• '90s Anti-Hero: It's an Image comic, what did you expect? That said, like many of the better Image titles, it reconstructs the trope; the Others may look scary and have 90's type "extreme" names, but they are shown to be honorable and compassionate. In fact, their idealism is even used against them twice; both in Shadowhawk #15 and The Others #0, they choose to bring humans into the Enclave for healing rather than kill them or let them die, and this is exploited by their enemy, Lord Mongrel, to play upon the fears of the Many as part of his goal to seize power.
    • Klone actively states in The Others #0 that he does not kill, and the Others are deeply regretful of the fact that this encounter ended in the death of a human (which itself was an accident; he got hit by a rebounding bullet that bounced off of Klone), noting they haven't killed in many, many years.
    • That said, they are willing to kill in the right circumstances; in issue #3, Guardd executes a bovine seditionist who declares he would rather fight to his death than surrender, whilst Racket implicitly kills Mongrel's kangaroo-woman follower Pouch by hauling her into the air and then letting her drop from a great height.
  • Advanced Ancient Humans: In a time when humanity was still using iron weaponry, the collective talents of the Many allowed them to create technological marvels; the Enclave of the Elders in particular, which debuted in Shadowhawk #4, is so advanced that its current possessor, the crimelord Vendetta, believes it to be an ancient alien device.
  • Badass Normal: Alone amongst the Others, Klone wields no power-granting device. The simple truth is that he doesn't need it; he already possesses Super Strength and is Nigh Invulnerable.
  • Beware the Nice Ones: Klone is actually established as a Technical Pacifist in the first three issues of The Others. When King Skyglider is murdered in issue #2, his berserk fury shows why that's a good thing.
  • Boom Stick: Guardd's Power Staff, which is a technological staff with a mace on one end, an axe on the other, and the ability to shoot energy blasts and cut through anything, even time and space.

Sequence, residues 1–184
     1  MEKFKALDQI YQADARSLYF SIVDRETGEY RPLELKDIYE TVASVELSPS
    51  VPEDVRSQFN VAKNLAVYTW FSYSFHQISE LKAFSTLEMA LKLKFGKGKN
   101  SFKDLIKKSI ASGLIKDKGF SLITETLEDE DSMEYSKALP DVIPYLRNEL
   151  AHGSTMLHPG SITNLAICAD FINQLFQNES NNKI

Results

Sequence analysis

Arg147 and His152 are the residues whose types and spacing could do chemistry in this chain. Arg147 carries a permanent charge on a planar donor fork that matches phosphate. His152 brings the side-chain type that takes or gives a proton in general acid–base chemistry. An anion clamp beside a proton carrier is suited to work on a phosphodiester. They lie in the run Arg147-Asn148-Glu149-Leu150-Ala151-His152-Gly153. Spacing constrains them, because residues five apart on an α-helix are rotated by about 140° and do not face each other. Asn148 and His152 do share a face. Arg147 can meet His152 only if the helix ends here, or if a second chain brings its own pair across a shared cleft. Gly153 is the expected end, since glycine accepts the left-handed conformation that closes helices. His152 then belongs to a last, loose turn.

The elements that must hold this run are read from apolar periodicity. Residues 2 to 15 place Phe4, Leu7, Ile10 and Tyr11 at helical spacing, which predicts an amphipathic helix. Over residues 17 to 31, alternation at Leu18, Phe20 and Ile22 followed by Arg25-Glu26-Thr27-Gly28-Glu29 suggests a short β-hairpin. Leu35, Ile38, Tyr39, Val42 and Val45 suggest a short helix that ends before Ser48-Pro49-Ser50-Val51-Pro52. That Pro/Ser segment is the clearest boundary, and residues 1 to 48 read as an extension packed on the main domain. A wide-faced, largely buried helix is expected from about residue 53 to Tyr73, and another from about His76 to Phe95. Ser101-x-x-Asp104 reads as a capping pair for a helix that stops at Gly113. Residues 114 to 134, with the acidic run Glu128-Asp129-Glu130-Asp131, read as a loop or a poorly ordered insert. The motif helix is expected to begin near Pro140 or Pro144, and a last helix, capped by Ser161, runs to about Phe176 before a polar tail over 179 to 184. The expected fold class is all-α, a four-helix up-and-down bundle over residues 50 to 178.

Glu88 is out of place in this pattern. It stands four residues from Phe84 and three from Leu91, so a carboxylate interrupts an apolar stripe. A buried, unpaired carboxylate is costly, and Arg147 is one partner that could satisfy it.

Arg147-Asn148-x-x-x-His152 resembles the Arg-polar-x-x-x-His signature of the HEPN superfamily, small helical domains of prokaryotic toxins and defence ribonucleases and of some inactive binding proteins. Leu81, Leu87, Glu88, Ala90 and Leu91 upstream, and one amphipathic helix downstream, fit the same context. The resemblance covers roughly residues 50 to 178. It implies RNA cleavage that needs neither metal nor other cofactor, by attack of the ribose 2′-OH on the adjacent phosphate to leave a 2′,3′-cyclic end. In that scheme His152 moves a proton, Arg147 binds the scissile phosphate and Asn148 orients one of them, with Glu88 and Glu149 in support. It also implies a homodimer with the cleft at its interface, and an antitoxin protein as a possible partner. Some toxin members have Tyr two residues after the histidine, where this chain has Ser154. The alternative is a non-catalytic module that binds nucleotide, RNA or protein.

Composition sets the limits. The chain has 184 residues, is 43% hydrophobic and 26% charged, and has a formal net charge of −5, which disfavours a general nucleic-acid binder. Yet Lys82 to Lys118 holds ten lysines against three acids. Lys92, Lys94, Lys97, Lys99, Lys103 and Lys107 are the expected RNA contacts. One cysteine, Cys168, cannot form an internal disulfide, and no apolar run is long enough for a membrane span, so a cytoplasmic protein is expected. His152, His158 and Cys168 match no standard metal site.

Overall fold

• Cold-Blooded Torture: Lord Mongrel tortures one of the human survivors for information and pleasure in issie #1, then murders him in a fit of pique after learning that the Others have escaped the dungeon.
  • Dangerous Phlebotinum Interaction: A variation; Guardd's Power Staff simply will not function if he is wrapped in the energies of Rebound's Force Vest, and Rebound can't apply the Force Vest's field to Guardd if the lion-man's Power Staff has been turned on.
  • Deflector Shields: Rebound wields a device called the Force Vest that allows him to envelop himself and others in protective forcefields. They can also be used to render their subjects invisible.
  • Exotic Extended Marriage: Guardd's info-card at the back of The Others #2 reveals that he has a "pride" of six wives and over a dozen children.
  • Fantastic Racism: The Many suffered this in the past, and consequently they still fear or outright hate humans in the present.
    • Also, the Many themselves still suffer this; the Others are held at bay for their possession of the ancient power-weapons.
    • The bug-man called Klone is an outsider even amongst the Others. It's implied that he's not one of the Many, but in fact an actual alien from a different planet.
  • Higher-Tech Species: The technological capabilitioes of the Many vastly outweighs humanity's skills in that field, with devices that effectively create superheroes.
  • Hollywood Evolution: The Many are made up of many different species of animal that evolved to a human-like level of sapience and physiology at the same time that humanity did.
  • Humans Are Bastards: The Many were driven to the brink of extinction by ancient humanity, and have never forgotten it.